Alex Morgan tied a World Cup record by scoring five goals in the United States’ 13-0 tournament-opening win over Thailand.In the team’s second game, Morgan didn’t play a single minute. And she was fine with it.For head coach Jill Ellis, heavy squad rotation at this World Cup was all part of her grand plan. Against Chile, it worked. Article continues below Editors’ Picks ‘There is no creativity’ – Can Solskjaer get Man Utd scoring freely again? ‘Everyone legged it on to the pitch!’ – How Foden went from Man City superfan to future superstar Emery out of jail – for now – as brilliant Pepe papers over Arsenal’s cracks What is Manchester United’s ownership situation and how would Kevin Glazer’s sale of shares affect the club? “It’s been this big-picture plan for a few months now,” Ellis said after her team defeated Chile 3-0 in Paris, a game in which she made seven changes to her team from the Thailand match and still got the result needed to send the U.S. into the World Cup last 16.In addition to Morgan, the other two members of the USWNT’s deadly front trio, Tobin Heath and Megan Rapinoe, were also rested. So were starting midfielder Rose Lavelle and first-choice full-backs Kelley O’Hara and Crystal Dunn.Of course, Ellis’s plan was made possible by the deep bench full of world-class talent she has to call upon. When she started her reserves, it wasn’t as if she made Chile the favorite. Far from it. “The bench that we have is ridiculous,” Rapinoe said, “It’s by far the deepest that we’ve ever had.”Indeed, if the U.S. were to field a second-choice team at this World Cup, it would likely be a contender to lift the crown. What other country can bring the likes of two-time world player of the year Carli Lloyd – who scored twice against Chile – off the bench?“We knew going into this that it takes all 23 players,” Lloyd said. “It takes the entire roster to ultimately lift this trophy.”Remarkably, the U.S. has now used almost that entire roster in the first two games of the tournament. All 20 field players have seen the field, with only the team’s two backup goalkeepers yet to play.“This team has incredible depth and when [Ellis] chooses who goes on during a game and who starts, there’s no explanation needed,” Morgan said. “We trust in her and it was pretty incredible we were able to get all [20 field] players on the pitch in the first two games.”Morgan didn’t seem perturbed at all about being benched right after her incredible five-goal performance. It was a testament to how the entire team has bought into Ellis’s philosophy.Rather than ride the hot hand, Ellis’s thinking goes, the U.S. wants to create as many hot hands as possible by giving every player a chance at minutes.“Every single one of them has got butterflies out of the way,” Ellis said.“They know that trust is there and that’s a huge part for a coach to show that trust in terms of playing players in the biggest stage of their careers.”Naturally, not every coach has the same luxury as Ellis. Most teams at the World Cup must select their top-choice lineup every game.But the U.S. is different.“We know how deep we are, we know how competitive it is in training, how hard it is to get a spot on the field,” Christen Press said.Press joined Lloyd and Mallory Pugh in a remade front three that caused Chile plenty of problems and would have generated several more goals were it not for the heroics of Chilean goalkeeper Christiane Endler.That attacking trio might all return to the bench against Sweden in the team’s group-stage finale on Thursday. But Ellis has now given them all a start in the World Cup, and knows she’ll be able to call upon them and all their teammates should they be needed.“We need them in a good place,” Ellis said. “And if they can have minutes and the butterflies are kind of out of the way, I think it helps us down the line.”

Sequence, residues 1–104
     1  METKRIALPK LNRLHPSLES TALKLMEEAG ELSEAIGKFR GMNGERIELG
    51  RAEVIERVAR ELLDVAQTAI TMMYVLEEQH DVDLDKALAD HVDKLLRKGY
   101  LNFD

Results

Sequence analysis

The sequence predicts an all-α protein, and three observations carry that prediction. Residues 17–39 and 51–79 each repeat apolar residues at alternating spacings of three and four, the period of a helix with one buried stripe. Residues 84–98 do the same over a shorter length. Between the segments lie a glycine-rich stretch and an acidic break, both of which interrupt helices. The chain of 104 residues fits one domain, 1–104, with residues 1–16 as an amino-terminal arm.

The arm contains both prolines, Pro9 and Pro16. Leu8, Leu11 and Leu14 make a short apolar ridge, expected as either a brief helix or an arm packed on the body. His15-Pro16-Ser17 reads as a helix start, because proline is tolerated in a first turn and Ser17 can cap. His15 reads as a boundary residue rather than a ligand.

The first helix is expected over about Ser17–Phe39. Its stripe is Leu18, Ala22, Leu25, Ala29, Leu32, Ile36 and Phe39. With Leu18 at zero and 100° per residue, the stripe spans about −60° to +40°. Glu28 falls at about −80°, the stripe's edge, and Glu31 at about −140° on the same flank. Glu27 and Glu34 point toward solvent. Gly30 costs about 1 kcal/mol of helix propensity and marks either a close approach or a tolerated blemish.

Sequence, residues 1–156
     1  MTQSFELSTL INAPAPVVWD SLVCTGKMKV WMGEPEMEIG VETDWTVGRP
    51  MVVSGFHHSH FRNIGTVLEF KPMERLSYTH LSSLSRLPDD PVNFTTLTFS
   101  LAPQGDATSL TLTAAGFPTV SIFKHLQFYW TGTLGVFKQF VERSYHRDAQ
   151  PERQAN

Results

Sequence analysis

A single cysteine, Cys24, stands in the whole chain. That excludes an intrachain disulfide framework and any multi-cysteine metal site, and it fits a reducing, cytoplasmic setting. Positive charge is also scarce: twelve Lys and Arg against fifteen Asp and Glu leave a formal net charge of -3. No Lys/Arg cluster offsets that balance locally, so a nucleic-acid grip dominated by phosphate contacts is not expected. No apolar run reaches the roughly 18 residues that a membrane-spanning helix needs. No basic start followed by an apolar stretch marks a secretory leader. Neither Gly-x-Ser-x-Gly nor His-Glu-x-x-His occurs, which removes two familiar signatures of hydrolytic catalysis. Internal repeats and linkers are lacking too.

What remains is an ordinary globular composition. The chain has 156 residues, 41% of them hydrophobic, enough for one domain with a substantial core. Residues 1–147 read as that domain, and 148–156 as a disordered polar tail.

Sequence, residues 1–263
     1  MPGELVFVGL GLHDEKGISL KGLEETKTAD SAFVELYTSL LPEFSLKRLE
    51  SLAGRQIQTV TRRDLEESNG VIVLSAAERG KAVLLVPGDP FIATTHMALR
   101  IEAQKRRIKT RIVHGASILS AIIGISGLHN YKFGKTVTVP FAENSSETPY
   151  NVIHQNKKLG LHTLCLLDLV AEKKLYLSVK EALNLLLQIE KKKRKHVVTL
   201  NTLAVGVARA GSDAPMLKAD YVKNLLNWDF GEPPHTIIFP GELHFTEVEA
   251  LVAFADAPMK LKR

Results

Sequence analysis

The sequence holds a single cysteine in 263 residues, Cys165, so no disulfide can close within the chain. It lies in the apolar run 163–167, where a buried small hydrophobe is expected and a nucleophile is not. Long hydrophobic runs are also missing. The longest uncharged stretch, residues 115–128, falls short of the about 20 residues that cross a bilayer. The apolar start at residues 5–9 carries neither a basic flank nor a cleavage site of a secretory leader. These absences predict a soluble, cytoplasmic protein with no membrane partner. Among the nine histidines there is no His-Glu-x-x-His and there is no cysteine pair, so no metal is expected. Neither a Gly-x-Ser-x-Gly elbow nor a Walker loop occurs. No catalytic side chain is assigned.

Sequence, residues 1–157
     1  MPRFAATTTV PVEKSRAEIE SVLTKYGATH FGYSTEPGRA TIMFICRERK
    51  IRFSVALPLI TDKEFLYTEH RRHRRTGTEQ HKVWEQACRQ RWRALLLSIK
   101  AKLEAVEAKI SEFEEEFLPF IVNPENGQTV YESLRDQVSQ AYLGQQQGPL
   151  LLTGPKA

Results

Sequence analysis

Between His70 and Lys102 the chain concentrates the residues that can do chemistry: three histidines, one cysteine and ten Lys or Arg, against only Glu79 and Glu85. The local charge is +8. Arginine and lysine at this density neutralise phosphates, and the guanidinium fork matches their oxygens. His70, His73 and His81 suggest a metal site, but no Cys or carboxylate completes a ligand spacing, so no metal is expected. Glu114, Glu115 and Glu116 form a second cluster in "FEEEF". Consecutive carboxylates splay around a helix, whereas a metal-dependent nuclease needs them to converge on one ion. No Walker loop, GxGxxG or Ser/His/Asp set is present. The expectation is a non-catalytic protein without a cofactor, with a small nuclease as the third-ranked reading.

Dr Richard Pebody, PHE acting head of respiratory diseases department, said: “The flu survey is an on-line survey, which was set up during the swine flu pandemic in 2009 as an indicator of flu activity in the community. Around 7,500 people around the country are currently registered with survey and, during the winter, they voluntarily report if they have had flu-like symptoms during the previous week. A flu epidemic will hit England within a fortnight, if current trends continue, according to latest figures suggesting more than eight million people are now suffering symptoms.The new data shows a “significant excess” of deaths among over 65s in England, and among those in all age groups in Scotland and Northern Ireland.Across England, flu levels are currently approaching high levels, the statistics from Public Health England show, with a 2.5 fold rise in cases in the last two weeks.If current trends continue, it means England will reach epidemic levels within a fortnight.Health officials had been fearful about the impact of a strain of flu A (H3N2) dubbed “Aussie flu” after it fuelled the worst flu season in Australia for a decade. “The best prevention for flu, other than observing good hygienic practices, such as regular hand washing, is for people, particularly those in at-risk groups, including patients with long-term conditions and pregnant women, to get their flu jab. It is not too late to receive some benefit from vaccination.“If someone does have the flu, unfortunately there is no cure, but patients can assist their own recovery through taking plenty of rest and drinking lots of fluids as it is easy to become dehydrated. Fevers and muscle ache, which are often symptoms of flu can also be improved with paracetamol or ibuprofen, if appropriate. But NHS senior managers say GPs were put under pressure by health officials to choose the cheaper option – excluding the Japanese strain now spreading through hospitals.The latest statistics suggest around 4,500 people were admitted to hospital with flu last week.Of those, 61 per cent – were suffering influenza B, the vast majority with the B-Yamagata strain.The latest report includes estimates suggesting that more than 15 per cent of people have been left suffering influenza-like illness in the past week – equating to more than 8.3 million people.Those figures come from internet-based surveillance run by PHE and the London School of Hygiene and Tropical Medicine. Separate statistics published today by PHE covering GP consultations show 53.1 consultations per 100,000 people in England last week, compared with rates of 37.3 per 100,000 people last week, and 21 per 100,000 in the last week of December. Health officials said levels were highest among those aged 45 to 64.The report shows 120 deaths from flu have now been confirmed in England, a rise from 85 on record last week.Broken down by region, the latest figures show Midlands and East England, which includes Birmingham, Norwich and Nottingham, was worst affected, followed by North England, including Manchester, York and Newcastle. The Royal College of GPs said the figures represented a 150 per cent rise in flu rates since the start of the year, with an estimated 31,300 patients in England attending their GP practice with flu symptoms in the week ending 14 January.Professor Helen Stokes-Lampard, Chairman of the Royal College of GPs, said: “General practice continues to face huge winter pressures with a significant increase in patients presenting with influenza, and high numbers of patients continuing to present with other common winter illnesses.“Wintertime always brings challenges for the health service, and GP practices have prepared well in order to deliver the best possible care for patients. But patients can also help in keeping themselves safe and well during the cold weather. Want the best of The Telegraph direct to your email and WhatsApp? Sign up to our free twice-daily Front Page newsletter and new audio briefings. But the new figures suggest that B strains are now dominating, making up more than six in ten hospitalised cases last week. The vast majority of those cases involve a strain called B-Yamagata – known as “Japanese flu” – which is not covered by the vaccines most patients have received.Two types of vaccine were available to the NHS – a £5 trivalent version covering three main strains of flu, and an £8 quadrivalent version protecting against four strains. “This means number of participants at a local level will be small and figures should thus be interpreted with caution. It is just one of a range of indicators which PHE flu surveillance considers when looking at the position across the country each week.” “We do encourage patients who are ill to think hard about whether they do need to see a GP – not just in terms of reducing pressures on the NHS, but to minimise the possibility of passing viruses, such as flu, to other people, particularly in at-risk groups, such as those with long-term conditions or pregnant women.”Professor Paul Cosford, medical director, PHE said: “Our data continues to show that more people are visiting GPs with flu symptoms and we are seeing more people admitted to hospital with flu.“In terms of hospital admission, this is the most significant flu season since the winter of 2010/11 and the preceding pandemic year of 2009 although it is not an epidemic.“We are currently seeing a mix of flu types, including the A(H3N2) strain that circulated last winter in the UK and then in Australia. The A(H3N2) strain particularly affects older, more vulnerable age groups.